Slave descendant admission plan not enough reparation

Georgetown University, located in Washington, D.C. and ranking 21 in the 2016 list of best national universities published by U.S. News and World Report, announced an unprecedented and bold plan Sept. 1 to offer the descendants of slaves owned by the Maryland Jesuits and sold to fund the college’s operations preferential admission to the university. This puts them at the same level as legacy applicants, who also get preference.

The Maryland Jesuit sale of slaves in 1838 is one of the largest and most well-documented in all of American history, and Georgetown has begun to track the descendants down to solicit their applications and explain their families’ history to them. The college also renamed two buildings previously named after slave owners to those of a former slave from the aforementioned purchase and a black woman who opened a school for young black girls near the university in the 19th century.

It is admirable a university of Georgetown’s size and stature is owning up to its unfortunate history and trying to make amends, but offering students a better chance at a spot at their university and renaming buildings are not the most meaningful reparations. Who is to say the descendants want to go to Georgetown or can afford to attend? How many of them, even with preferred status, have the academic history and resume needed to compete with standard Georgetown applicants?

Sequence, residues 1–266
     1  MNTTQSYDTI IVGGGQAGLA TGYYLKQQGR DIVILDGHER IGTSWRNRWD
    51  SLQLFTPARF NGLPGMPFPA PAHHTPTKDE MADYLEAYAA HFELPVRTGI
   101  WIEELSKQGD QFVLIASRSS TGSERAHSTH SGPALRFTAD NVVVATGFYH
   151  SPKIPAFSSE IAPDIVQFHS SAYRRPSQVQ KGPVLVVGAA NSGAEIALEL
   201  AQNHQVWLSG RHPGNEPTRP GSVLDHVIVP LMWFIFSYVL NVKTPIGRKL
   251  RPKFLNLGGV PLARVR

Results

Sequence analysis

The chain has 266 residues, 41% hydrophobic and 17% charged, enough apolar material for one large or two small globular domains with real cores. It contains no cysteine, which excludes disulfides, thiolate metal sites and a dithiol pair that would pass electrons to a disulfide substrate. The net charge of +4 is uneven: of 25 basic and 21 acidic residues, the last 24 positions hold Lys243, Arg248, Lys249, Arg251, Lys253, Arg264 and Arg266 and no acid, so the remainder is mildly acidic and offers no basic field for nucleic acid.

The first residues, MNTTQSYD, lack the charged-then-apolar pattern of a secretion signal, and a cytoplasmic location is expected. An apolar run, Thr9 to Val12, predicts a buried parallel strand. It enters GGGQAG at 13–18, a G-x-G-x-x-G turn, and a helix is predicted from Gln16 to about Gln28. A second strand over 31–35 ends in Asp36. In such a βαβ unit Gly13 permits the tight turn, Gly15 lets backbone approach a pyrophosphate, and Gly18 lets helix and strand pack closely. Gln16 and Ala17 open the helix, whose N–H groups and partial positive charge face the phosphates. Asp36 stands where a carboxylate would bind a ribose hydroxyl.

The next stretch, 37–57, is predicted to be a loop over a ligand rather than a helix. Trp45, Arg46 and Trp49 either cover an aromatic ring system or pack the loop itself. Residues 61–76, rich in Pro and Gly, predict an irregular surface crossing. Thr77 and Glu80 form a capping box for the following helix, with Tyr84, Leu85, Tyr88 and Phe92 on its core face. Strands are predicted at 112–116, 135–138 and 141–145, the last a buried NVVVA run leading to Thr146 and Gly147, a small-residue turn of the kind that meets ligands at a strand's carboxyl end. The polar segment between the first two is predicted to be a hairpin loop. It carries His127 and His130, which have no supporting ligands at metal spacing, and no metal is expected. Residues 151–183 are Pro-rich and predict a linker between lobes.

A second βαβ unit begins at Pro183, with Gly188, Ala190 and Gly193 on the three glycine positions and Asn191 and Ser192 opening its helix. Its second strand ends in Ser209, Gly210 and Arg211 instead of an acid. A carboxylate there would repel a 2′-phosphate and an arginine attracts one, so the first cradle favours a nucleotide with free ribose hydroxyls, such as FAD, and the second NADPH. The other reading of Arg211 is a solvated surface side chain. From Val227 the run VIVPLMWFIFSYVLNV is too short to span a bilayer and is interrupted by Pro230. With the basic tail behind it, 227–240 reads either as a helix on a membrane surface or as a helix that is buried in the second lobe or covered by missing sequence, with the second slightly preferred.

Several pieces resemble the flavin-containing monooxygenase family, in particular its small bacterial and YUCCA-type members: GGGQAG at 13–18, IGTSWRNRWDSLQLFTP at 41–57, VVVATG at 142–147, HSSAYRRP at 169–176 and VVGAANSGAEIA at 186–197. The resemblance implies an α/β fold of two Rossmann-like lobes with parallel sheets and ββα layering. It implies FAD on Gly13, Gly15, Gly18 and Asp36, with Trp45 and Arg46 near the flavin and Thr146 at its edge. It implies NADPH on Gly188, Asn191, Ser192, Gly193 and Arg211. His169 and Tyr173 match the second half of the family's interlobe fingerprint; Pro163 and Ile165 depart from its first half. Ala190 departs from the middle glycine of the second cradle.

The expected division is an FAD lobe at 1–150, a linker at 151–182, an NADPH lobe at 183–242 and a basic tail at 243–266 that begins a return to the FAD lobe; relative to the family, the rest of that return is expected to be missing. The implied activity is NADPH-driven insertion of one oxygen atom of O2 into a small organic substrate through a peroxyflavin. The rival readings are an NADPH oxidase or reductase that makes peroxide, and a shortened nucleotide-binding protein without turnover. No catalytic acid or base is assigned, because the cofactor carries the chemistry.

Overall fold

Instead of offering a seat at its own table, Georgetown should focus its efforts on offering more meaningful opportunities. A better solution is creating a scholarship fund for descendants who might not be able to afford a college education, and possibly, prep courses to help descendants before they get to the college level, like Georgetown already offers to local disadvantaged youth in the Washington, D.C. area.

Preferential treatment does not hurt anyone but is an empty gift, not real reparation. It does not cost the school anything.

Legacy applications are already becoming less important to institutions of higher education. Colleges like the University of Chicago have phased them out as it becomes more important to admit students based on individual merit and not their family background or history, according to a Nov. 19, 2015, Huffington Post article titled “Do legacy students get a leg up in college applications?” Perhaps Georgetown should follow this lead and get rid of preferential applications altogether and focus more on educating descendants better so they can earn their place at Georgetown.

Admitting its role in the slave trade and making an effort to reach out to those affected is a bold action not taken by many institutions and should be praised.

From Brown University to the University of North Carolina, slavery is embedded in much of higher education’s legacy. More schools should follow Georgetown’s lead in creating a dialogue about their pasts while pushing to create a fairer future at their institution and beyond.

Other schools should not offer preferential admission to those they have affected, but scholarships and community outreach combined with open communication about slave trade history are good steps for universities to take while reparations from the U.S. government is still debated.